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Rain Oxford is a new author for me - and I will definitely look for more books from her.
Book of Names starts in a seemingly classic way: brothers Nathan and Luca are trying to find a way to escape from a wizard's tower - or the wizard will kill them. What we don't know at first is that this is not a real wizard and not a real wizard's tower, it's just an escape room the brothers are testing for their friends. This is only the first surprise that awaits the reader/listener on the way throughout the book. The real story starts, though, when Nathan and Luca unexpectedly travel through a portal and find themselves in an alien world of Syndrial, where ancient Egyptian gods are a reality, where words do carry power, and where your name really defines who you are... Thrown in the middle of an on-going battle for power, forced to become an unwilling saviour of the new world, Nathan must learn fast to control what magic he has while trying to protect Luca, finding out the rules governing the culture of Syndrial and avoiding being killed himself - all this while preparing to fight and kill a mysterious spellcaster called Painter... quite a lot to do in a very short span of time, really:)
The world of Syndrial created by Rain Oxford is both complex and fascinating, with elements of ancient Egyptian culture and religion thrown into the picture. The book, a fast-paced magical adventure full of plot turning points, besides being a well-developed fantasy tale also touches on issues such as discrimination, child abuse, morality... And it does that in a subtle, unobtrusive way, leaving space for the reader/listener to think those issues over and absorb them... I like that a lot.
I also like the fact that although it is the first in a series, it doesn't end with a ciff-hanger but has a certain satisfying kind of closure. It doesn't force you to read on to find out what happened to the main characters - but encourages you to do that in a very clever way:)
As for the narration by Mr. J. Scott Bennett, it's very good. In his interpretation each of the characters is recognizable and their emotions are conveyed impeccably. Also, the pace of his reading is perfect for the listener not to lose focus.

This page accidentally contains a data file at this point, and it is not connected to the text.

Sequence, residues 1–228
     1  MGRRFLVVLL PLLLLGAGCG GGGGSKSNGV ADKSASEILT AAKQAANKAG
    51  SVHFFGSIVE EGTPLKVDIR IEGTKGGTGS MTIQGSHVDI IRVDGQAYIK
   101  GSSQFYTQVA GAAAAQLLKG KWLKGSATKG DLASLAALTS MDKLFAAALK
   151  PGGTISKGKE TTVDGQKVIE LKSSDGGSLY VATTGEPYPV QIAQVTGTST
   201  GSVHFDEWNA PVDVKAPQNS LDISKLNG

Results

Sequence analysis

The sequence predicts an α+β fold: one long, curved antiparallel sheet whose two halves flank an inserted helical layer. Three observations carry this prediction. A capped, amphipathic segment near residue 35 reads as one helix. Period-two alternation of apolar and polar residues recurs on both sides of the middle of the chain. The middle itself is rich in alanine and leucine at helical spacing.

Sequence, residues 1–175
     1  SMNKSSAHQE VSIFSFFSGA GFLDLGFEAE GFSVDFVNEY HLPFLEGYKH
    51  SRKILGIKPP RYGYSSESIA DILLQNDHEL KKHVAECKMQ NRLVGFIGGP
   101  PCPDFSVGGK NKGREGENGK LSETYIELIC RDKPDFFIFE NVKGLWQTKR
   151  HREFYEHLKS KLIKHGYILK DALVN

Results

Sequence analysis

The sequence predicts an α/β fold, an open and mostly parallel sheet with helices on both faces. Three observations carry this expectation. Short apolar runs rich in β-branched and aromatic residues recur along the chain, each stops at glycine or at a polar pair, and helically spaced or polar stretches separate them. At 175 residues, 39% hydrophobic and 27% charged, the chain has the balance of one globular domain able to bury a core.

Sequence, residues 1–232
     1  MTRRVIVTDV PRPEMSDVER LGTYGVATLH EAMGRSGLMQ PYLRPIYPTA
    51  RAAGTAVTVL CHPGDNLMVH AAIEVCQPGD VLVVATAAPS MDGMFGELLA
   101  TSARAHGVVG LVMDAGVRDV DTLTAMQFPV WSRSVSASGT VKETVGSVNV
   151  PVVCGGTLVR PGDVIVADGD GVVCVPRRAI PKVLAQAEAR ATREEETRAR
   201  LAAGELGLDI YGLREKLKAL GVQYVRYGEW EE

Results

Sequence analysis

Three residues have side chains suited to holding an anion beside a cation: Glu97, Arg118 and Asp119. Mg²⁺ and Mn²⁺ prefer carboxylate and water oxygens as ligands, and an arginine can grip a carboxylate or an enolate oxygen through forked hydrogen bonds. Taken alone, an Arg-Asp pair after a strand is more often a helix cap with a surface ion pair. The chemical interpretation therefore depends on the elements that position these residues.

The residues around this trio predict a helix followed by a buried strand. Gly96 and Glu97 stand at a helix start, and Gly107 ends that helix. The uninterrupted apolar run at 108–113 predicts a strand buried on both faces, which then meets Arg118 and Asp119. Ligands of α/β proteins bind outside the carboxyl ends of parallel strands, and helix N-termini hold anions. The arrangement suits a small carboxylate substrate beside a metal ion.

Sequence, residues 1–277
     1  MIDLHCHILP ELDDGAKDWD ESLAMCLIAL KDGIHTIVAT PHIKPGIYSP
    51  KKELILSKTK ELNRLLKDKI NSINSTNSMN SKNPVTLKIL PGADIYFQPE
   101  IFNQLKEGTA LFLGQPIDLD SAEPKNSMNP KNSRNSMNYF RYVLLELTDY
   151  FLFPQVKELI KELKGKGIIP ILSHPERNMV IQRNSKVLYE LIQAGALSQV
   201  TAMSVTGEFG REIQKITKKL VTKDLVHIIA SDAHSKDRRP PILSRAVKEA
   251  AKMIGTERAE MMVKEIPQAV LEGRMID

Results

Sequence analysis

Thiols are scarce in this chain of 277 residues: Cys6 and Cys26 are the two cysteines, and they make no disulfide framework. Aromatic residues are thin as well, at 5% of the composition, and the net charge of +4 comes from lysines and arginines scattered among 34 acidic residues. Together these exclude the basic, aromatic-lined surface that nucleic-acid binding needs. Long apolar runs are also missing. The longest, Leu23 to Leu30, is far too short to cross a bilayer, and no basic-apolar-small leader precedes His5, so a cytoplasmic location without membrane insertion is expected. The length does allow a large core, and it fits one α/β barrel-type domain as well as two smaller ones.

DISCLAIMER: I was given this free review copy audiobook at my request and have voluntarily left this review.
2 of 2 people found this review helpful
Book of Names was an entertaining read. Rain is always a beautiful writer, so the scenes are vivid and clear, you can really ‘see’ them in your mind. There are lots of exciting fantasy elements like magic, time travel, creatures and even Ancient Egyptian Mythology. The world building was well done and very interesting. I’m looking forward to seeing more of this world. I have to admit I am a huge fan of Egyptian Mythology (to the extent of doing course work at University), so it was fantastic to have it play a large role in this story. I also liked the idea of the two distinct types of magics and their different applications. The concept of the Book of Names was cool as well, I love magical books in stories (esp ones that fight back like in HP or Unseen University).
The beginning of the book is very fun, and you get to see the close bond between the brothers. Although the elements of the book are magic and fantasy, the core of the story for me was the love and loyalty between the brothers, Nathan and Luca. Whenever there is trouble each brother is always thinking of the other first, and are only focused on making sure the other is safe. I also loved the abilities that the boys have in the real world (doing escape rooms, writing, research, etc) are all played as strengths in the fantasy world. I enjoyed all the pop culture references between the brothers, they showed how families interact and have their family inside jokes. It also made the differences between life on Earth and life on Syndrial stand out, as the reader can relate to the boys’ life on Earth with all the familiar references in contrast to the stark antediluvian world of Syndrial.
The narrative is told mainly from Nathan’s POV, but there is some backstory that is given by another character later. Generally I’m not a big fan of switching back and forth between characters in a first person narrative, but this was well done and provided a really important understanding of another pivotal character.
The end of the story is darker and takes on a much more serious tone. I really wasn’t expecting how it played out, and had it running around my head trying to process it after I finished. This is one of the few times in my reading history where I honestly did not see the plot twists coming, so there were lots of surprises. The story did have a firm ending, but there is definitely a need for more books and hopefully soon!
Narration: J. Scott Bennet did his usual great job narrating. He has excellent pacing and tone, so the story moves along in a manner that keeps the action exciting yet still keeps the slower parts interesting. Scott has a great technique of injecting the emotion into the story, so you really hear what the characters are feeling. He is on my list of talented narrators.
I received Book of Names: Casters of Syndrial Book 1 free in exchange for an unbiased review.
2 of 2 people found this review helpful
Would you listen to Book of Names again? Why?
Yes. Probably as a refresher once the rest in the series are released.
What did you like about the performance? What did you dislike?
Was a nice performance, although the narrator didn’t distinguish between a lot of the characters as well as some other narrators I’ve come across.
Any additional comments?
This is an unbiased review of a free review copy. I can’t wait for the rest of the series to come and was disappointed when I got to the end to realise there wasn’t yet a follow on.